Governor Newsom has signed Assembly Bill 5 (the “Bill”) in December 2019, which drastically changes how we distinguish employees from independent contractors in the state of California. This bill has several moving parts, so to better understand how this bill will operate, this summary will highlight its key features and implications:


  • The Bill was introduced December 3, 2018 as “An act to amend Section 3351 of, and to add Section 2750.3 to, the Labor Code, and to amend Sections 606.5 and 621 of the Unemployment Insurance Code, relating to employment, and making an appropriation therefor.” And that’s exactly what it does.  
  • The Bill has a few important dates, the earliest of which is the effective date for most of the changes: January 1, 2020;
  • The Bill implicates three parts of the California Code specifically:
    • The Labor Code, which governs wage and safety regulations for employees;
    • The Unemployment Insurance Code, which governs employer liability and insurance requirements for unemployment;
    • The regulatory framework of the Department of Industrial Relationships, namely the Industrial Welfare Commission
  • The Bill’s purpose is to codify the definition of “employee” to meet the test enumerated in Dynamex Operations West, Inc. v. Superior Court, 4 Cal. 5th 903 (Cal. Supreme Court 2018), while preserving the prior common law test found in SG Borello & Sons v. Department of Industrial Rel., 769 P. 2d 399 (Cal. Supreme Court 1989) in specific instances.


  • The objective of the Bill is to target businesses typically referred to as service providers in the “gig economy”, e.g. Uber, Lyft, DoorDash, GrubHub, Postmates and similar contracted delivery services; however, as the term “employer” is not a qualified term in the Bill, this could apply to any entity engaging an individual that does not meet the Dynamextest. This Bill may also implicate game developers who frequently outsource to independent contractors, and service providers like YouTube and Twitch that profit from user generated content. 
  • Simply put, if you routinely use consulting agreements, professional services agreements, etc. to secure products and services for your business, you should make yourself aware of this law. 
  • There are a lot of exceptions in terms of who you can hire without applying the Dynamextest; however, many of these exceptions also have exceptions, to be discussed below.


  • To meet the definition of an independent contractor under Dynamex, and as set forth in the Bill, ALL of the following must be true:
    • The person is free from the control and direction of the hiring entity in connection with the performance of the work, both under the contract for the performance of the work and in fact.” This is typical in most tests determining independent contractor status and doesn’t move the need much—the more control a hiring entity has over the work you produce or services you perform, the higher the likelihood that you should be treated as an employee.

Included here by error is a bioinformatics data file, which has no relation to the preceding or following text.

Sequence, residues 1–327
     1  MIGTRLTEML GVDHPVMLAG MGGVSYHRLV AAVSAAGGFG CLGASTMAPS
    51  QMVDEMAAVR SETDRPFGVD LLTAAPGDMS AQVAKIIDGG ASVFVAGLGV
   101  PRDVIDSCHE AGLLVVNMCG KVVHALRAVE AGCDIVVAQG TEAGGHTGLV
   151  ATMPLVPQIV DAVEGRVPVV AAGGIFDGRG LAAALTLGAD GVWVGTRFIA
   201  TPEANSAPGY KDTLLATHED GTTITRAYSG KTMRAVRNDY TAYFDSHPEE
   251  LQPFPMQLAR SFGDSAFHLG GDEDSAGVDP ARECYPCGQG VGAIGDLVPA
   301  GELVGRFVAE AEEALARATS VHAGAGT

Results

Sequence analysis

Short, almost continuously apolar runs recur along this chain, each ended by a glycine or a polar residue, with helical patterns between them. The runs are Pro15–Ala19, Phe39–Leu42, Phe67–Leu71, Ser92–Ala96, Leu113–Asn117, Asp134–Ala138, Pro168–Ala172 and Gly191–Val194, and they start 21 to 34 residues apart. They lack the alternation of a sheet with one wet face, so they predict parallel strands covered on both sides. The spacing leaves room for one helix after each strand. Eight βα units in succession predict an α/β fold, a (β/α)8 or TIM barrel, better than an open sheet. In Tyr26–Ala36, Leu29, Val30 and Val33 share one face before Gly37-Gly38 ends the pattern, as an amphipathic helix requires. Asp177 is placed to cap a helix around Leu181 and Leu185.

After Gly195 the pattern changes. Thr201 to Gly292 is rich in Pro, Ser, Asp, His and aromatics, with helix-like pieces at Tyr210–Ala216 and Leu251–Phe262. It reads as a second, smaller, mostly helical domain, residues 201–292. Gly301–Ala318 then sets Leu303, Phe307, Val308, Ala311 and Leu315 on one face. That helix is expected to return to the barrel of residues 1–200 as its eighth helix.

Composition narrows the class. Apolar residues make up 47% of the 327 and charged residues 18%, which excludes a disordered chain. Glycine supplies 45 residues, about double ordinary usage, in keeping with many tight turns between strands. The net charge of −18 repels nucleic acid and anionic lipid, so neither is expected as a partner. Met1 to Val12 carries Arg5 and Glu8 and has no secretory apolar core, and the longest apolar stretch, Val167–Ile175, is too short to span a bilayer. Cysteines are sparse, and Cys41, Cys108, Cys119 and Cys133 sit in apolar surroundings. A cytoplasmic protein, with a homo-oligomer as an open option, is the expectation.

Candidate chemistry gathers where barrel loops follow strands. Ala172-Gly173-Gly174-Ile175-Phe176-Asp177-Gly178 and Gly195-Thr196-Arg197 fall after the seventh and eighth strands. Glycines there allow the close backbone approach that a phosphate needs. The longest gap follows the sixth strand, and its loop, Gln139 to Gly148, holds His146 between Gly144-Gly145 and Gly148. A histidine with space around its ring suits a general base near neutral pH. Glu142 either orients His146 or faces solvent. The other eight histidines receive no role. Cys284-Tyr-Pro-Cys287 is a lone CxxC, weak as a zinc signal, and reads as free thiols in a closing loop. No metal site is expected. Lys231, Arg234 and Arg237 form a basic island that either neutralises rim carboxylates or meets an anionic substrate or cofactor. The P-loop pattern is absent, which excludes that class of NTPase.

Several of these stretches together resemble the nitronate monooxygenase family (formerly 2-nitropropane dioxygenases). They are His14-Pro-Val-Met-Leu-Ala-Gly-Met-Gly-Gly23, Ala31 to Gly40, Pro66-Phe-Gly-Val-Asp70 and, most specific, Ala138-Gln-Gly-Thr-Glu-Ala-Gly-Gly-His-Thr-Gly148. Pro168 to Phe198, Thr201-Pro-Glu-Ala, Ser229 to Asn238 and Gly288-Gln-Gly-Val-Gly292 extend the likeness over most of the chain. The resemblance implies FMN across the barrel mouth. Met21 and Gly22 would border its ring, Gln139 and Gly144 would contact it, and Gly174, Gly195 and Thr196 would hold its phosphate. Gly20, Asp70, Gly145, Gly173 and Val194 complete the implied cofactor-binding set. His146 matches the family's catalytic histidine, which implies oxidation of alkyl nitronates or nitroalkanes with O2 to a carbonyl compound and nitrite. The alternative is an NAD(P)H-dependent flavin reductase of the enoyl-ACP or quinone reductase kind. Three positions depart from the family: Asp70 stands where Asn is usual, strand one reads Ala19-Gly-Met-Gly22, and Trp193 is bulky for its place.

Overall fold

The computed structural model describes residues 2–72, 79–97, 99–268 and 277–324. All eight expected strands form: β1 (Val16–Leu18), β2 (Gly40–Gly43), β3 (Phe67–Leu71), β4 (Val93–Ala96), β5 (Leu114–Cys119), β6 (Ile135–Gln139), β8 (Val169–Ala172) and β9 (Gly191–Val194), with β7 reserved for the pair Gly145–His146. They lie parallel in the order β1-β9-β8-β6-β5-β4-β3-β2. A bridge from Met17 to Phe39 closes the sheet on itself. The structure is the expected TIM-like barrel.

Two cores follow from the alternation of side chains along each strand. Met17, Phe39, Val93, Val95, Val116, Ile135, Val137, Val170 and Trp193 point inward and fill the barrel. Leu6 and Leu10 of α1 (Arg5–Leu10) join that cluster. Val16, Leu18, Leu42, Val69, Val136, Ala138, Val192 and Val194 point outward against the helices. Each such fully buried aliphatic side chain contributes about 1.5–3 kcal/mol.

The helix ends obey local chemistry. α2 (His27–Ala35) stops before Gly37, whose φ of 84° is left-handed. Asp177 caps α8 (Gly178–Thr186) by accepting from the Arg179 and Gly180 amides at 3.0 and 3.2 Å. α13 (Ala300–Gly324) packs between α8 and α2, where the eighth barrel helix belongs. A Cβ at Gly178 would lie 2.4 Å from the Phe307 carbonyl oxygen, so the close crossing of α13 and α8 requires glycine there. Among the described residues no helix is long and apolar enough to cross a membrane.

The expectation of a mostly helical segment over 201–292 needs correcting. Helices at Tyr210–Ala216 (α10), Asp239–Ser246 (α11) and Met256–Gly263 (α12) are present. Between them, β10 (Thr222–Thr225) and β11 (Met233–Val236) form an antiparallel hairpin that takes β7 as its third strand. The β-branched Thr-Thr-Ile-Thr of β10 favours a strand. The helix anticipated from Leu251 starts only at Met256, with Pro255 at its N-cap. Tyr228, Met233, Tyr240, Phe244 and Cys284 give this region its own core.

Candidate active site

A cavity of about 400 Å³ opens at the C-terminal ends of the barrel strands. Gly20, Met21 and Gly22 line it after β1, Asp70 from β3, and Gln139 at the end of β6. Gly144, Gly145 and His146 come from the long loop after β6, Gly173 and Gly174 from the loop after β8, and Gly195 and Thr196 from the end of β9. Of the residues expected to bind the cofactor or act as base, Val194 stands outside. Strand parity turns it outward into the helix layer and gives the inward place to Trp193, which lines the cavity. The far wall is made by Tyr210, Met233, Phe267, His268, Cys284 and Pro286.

• The person performs work that is outside the usual course of the hiring entity’s business.” This is a red flag for independent game developers who outsource certain content for their game, as well as service providers that contract services (e.g. Uber, Lyft,) and content (e.g. YouTube and Twitch)
    • The person is customarily engaged in an independently established trade, occupation, or business of the same nature as that involved in the work performed.” This element raises additional questions—for example, is it necessary that they “hold themselves out” as a provider of that service or trade? What if the services provided by these individuals are entirely reliant on the app or company that makes these services available?
  • Failing any one of the above results in a classification of the individual contracted as an employee. 


The Bill excludes several occupations and trades from the Dynamextest application, instead applying the Borellotest, which was the precedent in California prior to Dynamex. Exceptions include (but are not limited to, it’s a long list):

  • Occupations requiring a license are mostly excluded, including but not limited to doctors, surgeons, dentists, lawyers, securities-brokers, accountants, and architects; oddly for California, the Bill is silent on and does not seem to provide an exception for talent agents;
  • Direct sales salespeople;
  • Occupations designated as “Professional Services”, which is its own long list and includes (but again, not limited to)
    • Marketing (where creative content is developed, but may exclude ad buyer agreements);
    • HR services;
    • Travel agents;
    • Graphic design;
    • Grant writers;
    • Fine artists (this is vague);
    • Payment processors;
    • Photographers, but this “professional service” contains its OWN list of important exceptions which, in turn, implies that the Dynamex test will apply and specifically references anyone working in film, television, internet streaming, music videos, live shows, etc.